REVIEW: UNRAVELING – BRANDON LEAKE (SIMON AND SCHUSTER)

This collection of poems is a mosaic of mirrors, reflecting the innerman with the wavelength of an x-ray. – Martins Deep

SPEAK FREELY: BANNED BOOKS EDITION

Though book burning may appear historically and practically extreme in comparison to book bans, consider that one of the guiding principles of book burning is public spectacle. – Ronnie K. Stephens

REPLAYS: OUTSIDE BY BRYSON TILLER

Luckily I clean it up well
Yeah prepare for the tide
Not a stain on me
We take off on our ride
– Reggie Johnson

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TPQ20: S3EP14 – SANDRA CISNEROS

Join Chris in a sit-down with the legendary Sandra Cisneros, author of Woman Without Shame (Alfred A. Knopf), about passions, process, pitfalls, and poetry!

REVIEW: ALIVE AT THE END OF THE WORLD – SAEED JONES (COFFEE HOUSE PRESS)

Jones reaffirms his place as one of the most talented living poets writing in English with this collection, demonstrating an ever-evolving mastery of language and a distinct eye for structural balance. – Ronnie K. Stephens

TPQ20: S3EP13 – AURIELLE MARIE

Join Chris in a sit-down with Aurielle Marie, author of Gumbo Ya Ya (University of Pittsburgh Press), about passions, process, pitfalls, and poetry!

REVIEW: A SHIVER IN THE LEAVES – LUTHER HUGHES (BOA EDITIONS)

His use of structure, rhythm and extended metaphor are among the best, and his particular utilization of the crow throughout A Shiver in the Leaves sets this debut apart as one of the most layered, complex collections of the year. – Ronnie K. Stephens

TALK TO ME: NOLCHA FOX

I love putting odd images together, playing with alternate definitions of words, twisting the end. My adult me is the one who figures out where to submit the glorious mess I make of a poem. – Nolcha Fox

Speak Freely: Imperative Voice and the Performance of Womanhood

Xie’s use of the imperative voice, intentionally or not, mirrors the language in Kincaid’s text, and both authors use the imperative specifically to convey expectations to younger generations of women. – Ronnie K. Stephens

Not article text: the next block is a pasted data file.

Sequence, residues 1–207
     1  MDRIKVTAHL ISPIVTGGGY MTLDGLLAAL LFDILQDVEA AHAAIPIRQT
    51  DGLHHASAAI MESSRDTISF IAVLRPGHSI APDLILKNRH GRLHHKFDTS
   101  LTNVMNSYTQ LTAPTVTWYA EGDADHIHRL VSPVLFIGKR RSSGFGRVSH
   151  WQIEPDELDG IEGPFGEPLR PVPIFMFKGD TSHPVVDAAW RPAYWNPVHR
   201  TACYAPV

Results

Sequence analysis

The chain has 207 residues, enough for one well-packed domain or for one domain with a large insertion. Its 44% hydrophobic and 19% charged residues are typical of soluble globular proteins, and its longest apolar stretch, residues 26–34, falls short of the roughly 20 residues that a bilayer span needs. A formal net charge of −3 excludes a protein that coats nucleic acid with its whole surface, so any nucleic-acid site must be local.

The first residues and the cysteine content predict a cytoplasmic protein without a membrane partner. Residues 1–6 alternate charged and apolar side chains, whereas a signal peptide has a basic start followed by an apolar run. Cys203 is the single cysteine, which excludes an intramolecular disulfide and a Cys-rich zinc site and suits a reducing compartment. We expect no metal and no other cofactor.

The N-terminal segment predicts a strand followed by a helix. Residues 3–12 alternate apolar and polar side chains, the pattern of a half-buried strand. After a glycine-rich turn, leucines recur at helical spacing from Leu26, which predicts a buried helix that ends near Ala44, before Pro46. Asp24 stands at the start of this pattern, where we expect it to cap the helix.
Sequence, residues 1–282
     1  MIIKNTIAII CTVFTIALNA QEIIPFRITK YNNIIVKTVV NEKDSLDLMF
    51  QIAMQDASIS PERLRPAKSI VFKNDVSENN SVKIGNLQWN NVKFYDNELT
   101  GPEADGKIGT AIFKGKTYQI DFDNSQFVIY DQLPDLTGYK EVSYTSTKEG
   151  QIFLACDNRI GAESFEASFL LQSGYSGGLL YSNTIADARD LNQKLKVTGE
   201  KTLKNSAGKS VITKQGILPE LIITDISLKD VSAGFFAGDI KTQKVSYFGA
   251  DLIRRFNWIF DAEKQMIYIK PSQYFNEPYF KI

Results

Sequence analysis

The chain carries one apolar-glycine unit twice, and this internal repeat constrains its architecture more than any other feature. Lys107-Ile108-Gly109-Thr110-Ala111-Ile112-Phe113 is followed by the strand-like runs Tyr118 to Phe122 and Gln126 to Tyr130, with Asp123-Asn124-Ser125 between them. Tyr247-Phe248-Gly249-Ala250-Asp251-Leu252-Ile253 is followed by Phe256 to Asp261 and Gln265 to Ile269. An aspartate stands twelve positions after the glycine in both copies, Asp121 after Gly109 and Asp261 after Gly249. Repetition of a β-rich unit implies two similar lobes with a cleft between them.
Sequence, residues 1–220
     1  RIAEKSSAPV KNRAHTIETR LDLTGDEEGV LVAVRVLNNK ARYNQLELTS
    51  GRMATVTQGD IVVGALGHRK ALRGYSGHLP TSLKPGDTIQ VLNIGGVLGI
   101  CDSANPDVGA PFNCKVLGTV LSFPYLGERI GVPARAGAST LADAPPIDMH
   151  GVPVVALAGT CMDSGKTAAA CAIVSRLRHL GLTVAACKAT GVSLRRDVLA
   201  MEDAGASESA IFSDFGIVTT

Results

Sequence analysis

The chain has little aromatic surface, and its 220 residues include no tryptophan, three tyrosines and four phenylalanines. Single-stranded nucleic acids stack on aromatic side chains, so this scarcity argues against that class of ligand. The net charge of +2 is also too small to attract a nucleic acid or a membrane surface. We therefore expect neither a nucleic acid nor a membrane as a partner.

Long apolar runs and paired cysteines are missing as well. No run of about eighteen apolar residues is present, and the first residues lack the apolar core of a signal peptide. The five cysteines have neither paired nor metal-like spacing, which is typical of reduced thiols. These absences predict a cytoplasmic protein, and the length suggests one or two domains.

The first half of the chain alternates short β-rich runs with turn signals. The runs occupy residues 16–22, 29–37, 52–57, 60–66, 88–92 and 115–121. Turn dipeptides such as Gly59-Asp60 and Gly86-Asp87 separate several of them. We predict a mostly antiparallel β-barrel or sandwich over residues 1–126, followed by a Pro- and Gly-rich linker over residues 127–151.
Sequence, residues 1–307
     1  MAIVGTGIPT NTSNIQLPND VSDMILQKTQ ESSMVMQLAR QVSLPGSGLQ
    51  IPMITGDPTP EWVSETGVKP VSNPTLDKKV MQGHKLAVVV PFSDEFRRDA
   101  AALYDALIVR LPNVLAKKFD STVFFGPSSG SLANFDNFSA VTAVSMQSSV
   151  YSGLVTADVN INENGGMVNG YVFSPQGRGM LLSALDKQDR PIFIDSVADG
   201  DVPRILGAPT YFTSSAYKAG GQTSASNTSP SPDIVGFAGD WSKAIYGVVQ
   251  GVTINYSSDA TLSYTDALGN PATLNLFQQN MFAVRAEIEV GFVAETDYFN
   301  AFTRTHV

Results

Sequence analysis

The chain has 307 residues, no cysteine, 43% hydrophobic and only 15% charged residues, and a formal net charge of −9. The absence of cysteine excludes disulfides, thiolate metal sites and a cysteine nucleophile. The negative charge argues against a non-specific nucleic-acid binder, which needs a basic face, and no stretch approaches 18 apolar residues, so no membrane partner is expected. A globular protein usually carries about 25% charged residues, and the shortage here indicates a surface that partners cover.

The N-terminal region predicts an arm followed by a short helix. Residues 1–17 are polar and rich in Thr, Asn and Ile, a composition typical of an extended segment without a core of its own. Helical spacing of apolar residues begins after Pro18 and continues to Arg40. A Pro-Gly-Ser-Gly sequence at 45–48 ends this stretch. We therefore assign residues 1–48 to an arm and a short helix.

REPLAYS: TOXIC BY YG

Dramamine because I’m sick of you
When patience ran thin
Where was thick for you?
What didn’t click for you?
– Reggie Johnson

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TPQ20: S3EP11 – H. MELT

Join Chris in a sit down with H. MELT, about passions, process, pitfalls, and Poetry!

REVIEW: LOTUS & THE APOCALYPSE – AUSTIN DAVIS (OUTCAST PRESS)

It’s a testament to all of us holding depression and joy in both hands, to everyone that has ever felt their world could end before the sun goes down. – Caitie L. Young

REPLAYS: PICTURE IN MY MIND BY PINK PANTHERESS & SAM GELLAITRY

You’re no longer a need
No longer a want
A picture in my mind
My dreams you won’t haunt
– Reggie Johnson

REVIEW: MAGNOLIA – NINA MINGYA POWLES (TIN HOUSE)

The poems are clearly the work of someone who has dedicated significant time to craft, & who approaches language like an anthropologist or philosopher might. – Ronnie K. Stephens

REVIEW: THE WET HEX – SUN YUNG SHIN (COFFEE HOUSE PRESS)

At the heart of the poem is an image of the author’s passport, effectively bridging mythos and history to highlight a long and violent legacy of colonialism and its impact on colonized peoples. – Ronnie K. Stephens

REPLAYS: I LITERALLY NEVER THINK ABOUT YOU BY KYLE

No matter the companionship
Friend, coworker or foe
You’ll never catch me banana slip
I literally never think about you
I just stack chips and I dip
– Reggie Johnson

REVIEW: SO, STRANGER – TOPAZ WINTERS (BUTTON POETRY)

Winters offers a layered and thoughtful critique of the immigrant experience in America, the nuances of her relationship with her father and how borders operate in our lives. – Ronnie K. Stephens

SPEAK FREELY: MEANING AND METAPHOR IN RACHEL MCKIBBENS’ “THE WIDOWER”

Rachel McKibbens “The Widower” captures students because it’s visceral, emotional, and refuses to be ignored. – Ronnie K. Stephens

REPLAYS: GRAND BY KANE BROWN

I had thoughts
Deep thoughts
Of me, myself and the pen
Replay the moment in my head
Not taking it for granted again
Some people say they family
And they never been a kin
– Reggie Johnson

TPQ20: S3EP7 – I.S. JONES

Join Chris in a sitdown with I.S. Jones, author of Spells of My Name, and Editor at Frontier Poetry, about passions, process, pitfalls, and Poetry! 

REVIEW: DIARIES OF A TERRORIST – CHRISTOPHER SOTO (COPPER CANYON PRESS)

Soto’s poems are meant to be rough, triggering at times, and cut straight to the point. Readers can’t help but understand the message, empathize, and feel like we’re supposed to fix things ourselves.

REPLAYS: THE SIGN BY LIZZO

Hey how you doing?
Are you getting tired yet?
I might forgive you